NC hemp commission considers joining lawsuit against DEA

The state commission charged with fostering an industrial hemp industry in North Carolina is considering joining a lawsuit against a government agency that it agrees is making things difficult: the U.S. Drug Enforcement Administration

The N.C. Industrial Hemp Commission, which was created by the General Assembly in 2015, gave its verbal support to the lawsuit last week and plans to announce Thursday whether it will become a party to it.

The lawsuit would be filed by Founder’s Hemp of Asheboro – the first company to register in North Carolina as an industrial hemp producer. The company says it intends to sue the DEA over its ruling that products made with CBD or cannabidiol hemp, which are in the same cannabis family as marijuana, are illegal and cannot be transported across state lines.

“We cannot let this stand as an industry,” Bob Crumley, president of Founder’s Hemp, said during a meeting of the Industrial Hemp Commission last week. “If we let what the DEA is currently doing stand, we need to fold our tents and give everybody their money back.”

The federal government outlawed the growing of hemp in 1937. But with the 2014 Farm Bill, Congress allowed universities and state departments of agriculture to grow industrial hemp for research, and more than 30 states, including North Carolina, have passed laws allowing hemp research and pilot programs.

But the DEA has maintained that the transportation of hemp seeds across state lines is illegal, and that it is illegal for farmers to sell their finished hemp products in other states within the U.S.

Crumley said the DEA’s position is based on the antiquated idea that “all cannabis is bad.” He noted that hemp contains negligible amounts of THC, the psychoactive chemical that provides the “high” associated with marijuana use; industrial hemp has less than 0.3 percent of THC, compared to 3 to 15 percent or higher in marijuana.

Crumley said that the DEA’s position is an example of bureaucracy that clearly thwarts the will of Congress and disadvantages American farmers.

“To say that a Canadian farmer has more rights in this market than a farmer from North Carolina or Kentucky does – it’s ridiculous,” Crumley said. “It’s abhorrent.”

The DEA did not respond to multiple requests for comment.

Talk of the lawsuit comes as farmers are lining up to grow and sell hemp under North Carolina’s test program. Last week, the Industrial Hemp Commission approved applications from 16 growers who said they would import hemp seeds from outside of the U.S., which the DEA has ruled is legal. The commission delayed the approval of the six applicants that listed their seed source as within the U.S. and said it will decide what to do with those applications at its meeting Thursday.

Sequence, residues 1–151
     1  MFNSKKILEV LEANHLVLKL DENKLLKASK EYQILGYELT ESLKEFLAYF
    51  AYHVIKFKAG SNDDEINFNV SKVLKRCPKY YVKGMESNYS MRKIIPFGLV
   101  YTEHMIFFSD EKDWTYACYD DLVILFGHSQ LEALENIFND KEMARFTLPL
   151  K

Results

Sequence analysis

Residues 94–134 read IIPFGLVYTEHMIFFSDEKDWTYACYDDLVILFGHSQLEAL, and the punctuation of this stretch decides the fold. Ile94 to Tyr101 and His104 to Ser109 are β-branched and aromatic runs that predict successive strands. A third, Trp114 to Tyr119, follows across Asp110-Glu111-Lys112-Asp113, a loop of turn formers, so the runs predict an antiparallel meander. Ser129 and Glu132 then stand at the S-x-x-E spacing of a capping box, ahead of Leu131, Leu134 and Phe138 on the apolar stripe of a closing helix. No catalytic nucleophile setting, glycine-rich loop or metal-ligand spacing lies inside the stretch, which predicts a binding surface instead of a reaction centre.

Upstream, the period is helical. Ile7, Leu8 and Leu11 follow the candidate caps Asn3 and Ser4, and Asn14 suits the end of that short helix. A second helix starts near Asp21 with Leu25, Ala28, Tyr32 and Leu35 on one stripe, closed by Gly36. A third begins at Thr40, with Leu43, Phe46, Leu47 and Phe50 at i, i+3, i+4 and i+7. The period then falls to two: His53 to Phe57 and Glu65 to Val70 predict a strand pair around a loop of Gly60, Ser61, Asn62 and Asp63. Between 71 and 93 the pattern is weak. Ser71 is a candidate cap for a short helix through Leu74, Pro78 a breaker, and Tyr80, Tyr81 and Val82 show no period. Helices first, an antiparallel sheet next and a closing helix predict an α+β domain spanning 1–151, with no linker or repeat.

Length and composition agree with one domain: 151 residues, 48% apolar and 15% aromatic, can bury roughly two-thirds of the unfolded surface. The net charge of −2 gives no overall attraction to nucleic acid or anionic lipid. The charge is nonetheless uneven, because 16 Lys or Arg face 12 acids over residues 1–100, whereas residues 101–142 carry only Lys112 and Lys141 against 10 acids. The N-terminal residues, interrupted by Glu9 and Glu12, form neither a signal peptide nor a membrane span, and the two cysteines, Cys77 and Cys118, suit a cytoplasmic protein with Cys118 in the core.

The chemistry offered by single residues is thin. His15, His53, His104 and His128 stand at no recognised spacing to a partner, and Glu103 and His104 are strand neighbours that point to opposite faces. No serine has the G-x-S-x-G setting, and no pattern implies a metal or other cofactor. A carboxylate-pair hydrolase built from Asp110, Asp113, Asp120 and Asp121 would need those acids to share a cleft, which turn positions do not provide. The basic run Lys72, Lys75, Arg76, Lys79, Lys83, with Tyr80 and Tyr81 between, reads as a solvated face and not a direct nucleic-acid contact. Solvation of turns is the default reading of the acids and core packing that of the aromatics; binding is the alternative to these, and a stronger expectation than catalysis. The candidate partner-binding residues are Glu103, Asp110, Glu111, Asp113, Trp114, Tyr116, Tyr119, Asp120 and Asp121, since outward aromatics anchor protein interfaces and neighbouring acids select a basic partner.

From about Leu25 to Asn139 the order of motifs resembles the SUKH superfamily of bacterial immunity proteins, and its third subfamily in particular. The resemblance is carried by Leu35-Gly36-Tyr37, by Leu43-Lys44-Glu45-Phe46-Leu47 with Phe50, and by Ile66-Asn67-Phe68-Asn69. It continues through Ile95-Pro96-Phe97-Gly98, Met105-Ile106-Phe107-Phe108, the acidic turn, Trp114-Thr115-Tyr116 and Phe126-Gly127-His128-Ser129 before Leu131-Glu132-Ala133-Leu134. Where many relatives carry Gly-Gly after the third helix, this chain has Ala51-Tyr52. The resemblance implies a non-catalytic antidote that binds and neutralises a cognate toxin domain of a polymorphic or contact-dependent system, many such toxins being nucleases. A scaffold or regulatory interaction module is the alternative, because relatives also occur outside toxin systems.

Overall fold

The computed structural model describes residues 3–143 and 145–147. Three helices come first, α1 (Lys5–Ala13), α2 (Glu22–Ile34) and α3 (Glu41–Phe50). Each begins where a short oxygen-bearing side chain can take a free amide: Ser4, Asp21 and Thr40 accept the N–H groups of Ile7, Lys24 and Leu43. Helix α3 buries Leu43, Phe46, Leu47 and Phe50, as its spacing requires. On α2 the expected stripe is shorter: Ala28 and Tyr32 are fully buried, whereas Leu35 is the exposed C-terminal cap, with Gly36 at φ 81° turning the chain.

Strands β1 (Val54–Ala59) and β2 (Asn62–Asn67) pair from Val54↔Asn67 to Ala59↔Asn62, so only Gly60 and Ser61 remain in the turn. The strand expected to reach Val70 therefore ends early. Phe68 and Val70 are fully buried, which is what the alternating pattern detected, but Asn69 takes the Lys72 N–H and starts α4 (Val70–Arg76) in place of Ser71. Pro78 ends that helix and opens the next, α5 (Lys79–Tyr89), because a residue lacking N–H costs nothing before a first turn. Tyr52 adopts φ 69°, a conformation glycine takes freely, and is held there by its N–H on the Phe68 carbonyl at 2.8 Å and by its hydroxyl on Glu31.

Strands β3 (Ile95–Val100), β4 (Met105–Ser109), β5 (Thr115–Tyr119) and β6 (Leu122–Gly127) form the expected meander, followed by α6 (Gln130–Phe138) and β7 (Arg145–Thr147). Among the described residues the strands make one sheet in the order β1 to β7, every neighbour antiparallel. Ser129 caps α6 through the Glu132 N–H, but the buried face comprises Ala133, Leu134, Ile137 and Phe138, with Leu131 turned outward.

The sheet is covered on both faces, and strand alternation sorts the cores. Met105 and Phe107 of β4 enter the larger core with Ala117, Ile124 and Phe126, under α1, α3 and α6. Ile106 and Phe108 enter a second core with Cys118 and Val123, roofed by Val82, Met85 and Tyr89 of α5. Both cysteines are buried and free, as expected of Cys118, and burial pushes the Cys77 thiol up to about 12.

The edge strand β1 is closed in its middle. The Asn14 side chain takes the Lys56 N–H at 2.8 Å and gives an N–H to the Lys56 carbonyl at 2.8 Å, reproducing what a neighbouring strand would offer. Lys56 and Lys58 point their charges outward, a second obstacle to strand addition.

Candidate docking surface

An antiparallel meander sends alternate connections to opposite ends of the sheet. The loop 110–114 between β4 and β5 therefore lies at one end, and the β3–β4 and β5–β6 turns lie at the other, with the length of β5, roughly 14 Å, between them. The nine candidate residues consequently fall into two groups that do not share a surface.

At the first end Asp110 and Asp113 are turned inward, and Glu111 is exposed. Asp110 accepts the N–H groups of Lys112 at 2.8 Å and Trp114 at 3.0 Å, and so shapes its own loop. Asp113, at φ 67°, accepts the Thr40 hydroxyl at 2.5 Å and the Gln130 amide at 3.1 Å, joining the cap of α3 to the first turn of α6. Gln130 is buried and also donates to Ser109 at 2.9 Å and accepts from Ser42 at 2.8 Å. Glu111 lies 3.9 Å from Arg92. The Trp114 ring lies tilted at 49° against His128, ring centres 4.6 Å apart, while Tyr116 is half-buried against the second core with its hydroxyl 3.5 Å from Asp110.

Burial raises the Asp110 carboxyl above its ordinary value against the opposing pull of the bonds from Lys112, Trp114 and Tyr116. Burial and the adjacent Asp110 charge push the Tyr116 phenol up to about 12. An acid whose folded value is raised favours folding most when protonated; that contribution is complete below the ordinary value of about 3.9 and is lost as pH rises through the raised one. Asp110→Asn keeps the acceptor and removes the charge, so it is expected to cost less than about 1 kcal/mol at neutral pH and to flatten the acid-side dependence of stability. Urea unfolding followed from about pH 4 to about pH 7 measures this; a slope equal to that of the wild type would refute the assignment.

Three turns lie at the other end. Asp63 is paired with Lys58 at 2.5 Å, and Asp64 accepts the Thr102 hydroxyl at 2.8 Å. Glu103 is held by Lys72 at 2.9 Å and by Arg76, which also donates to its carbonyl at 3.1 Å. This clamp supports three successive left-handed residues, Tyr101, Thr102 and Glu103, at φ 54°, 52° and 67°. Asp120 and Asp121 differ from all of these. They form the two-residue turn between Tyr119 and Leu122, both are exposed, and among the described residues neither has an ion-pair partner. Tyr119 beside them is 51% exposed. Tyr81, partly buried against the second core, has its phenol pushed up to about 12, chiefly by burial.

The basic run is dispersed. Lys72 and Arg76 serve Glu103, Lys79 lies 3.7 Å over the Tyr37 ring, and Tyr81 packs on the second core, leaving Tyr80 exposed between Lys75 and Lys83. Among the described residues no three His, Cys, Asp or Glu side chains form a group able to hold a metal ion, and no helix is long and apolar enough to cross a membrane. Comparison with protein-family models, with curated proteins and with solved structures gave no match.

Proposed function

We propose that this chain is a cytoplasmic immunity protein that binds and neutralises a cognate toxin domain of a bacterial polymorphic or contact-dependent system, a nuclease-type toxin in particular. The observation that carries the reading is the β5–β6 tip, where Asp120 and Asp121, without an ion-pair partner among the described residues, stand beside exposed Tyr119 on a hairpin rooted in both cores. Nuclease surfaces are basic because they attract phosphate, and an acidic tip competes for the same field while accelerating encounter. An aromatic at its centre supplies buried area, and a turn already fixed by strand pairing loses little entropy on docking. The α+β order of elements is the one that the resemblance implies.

Hemp is a versatile plant used in the manufacture of fabrics, fuels, plastics and construction materials, among others products. CBD hemp oil is a nutritional supplement with anti-inflammatory properties that been marketed as having the potential to soothe chronic pain.

Vernon Cox, director of the plant industry division at the N.C. Department of Agriculture and Consumer Services, said grower interest in hemp has been high. The agriculture department, which is charged with serving as staff for the Industrial Hemp Commission, has reviewed 40 to 50 applications from farmers hoping to grow it.

Cox said the “safest option” for growers at this point is to import seed from Europe or Canada.

Meanwhile, Tom Melton, the chairman of the commission, said it would need to consult its lawyers to determine whether it could join the Founder’s Hemp suit as a complainant, as Crumley requested.

“We’re just not quite sure where we fall in being able to support them in litigation, so we had a motion and voted to support them verbally – to let everyone know that we support where they stand,” said Melton, deputy director of N.C. Cooperative Extension at N.C. State University. “But whether or not we can actually be part of litigation, we have to find out from our state attorneys really how that falls out.”

Rachel Chason: 919-828-4629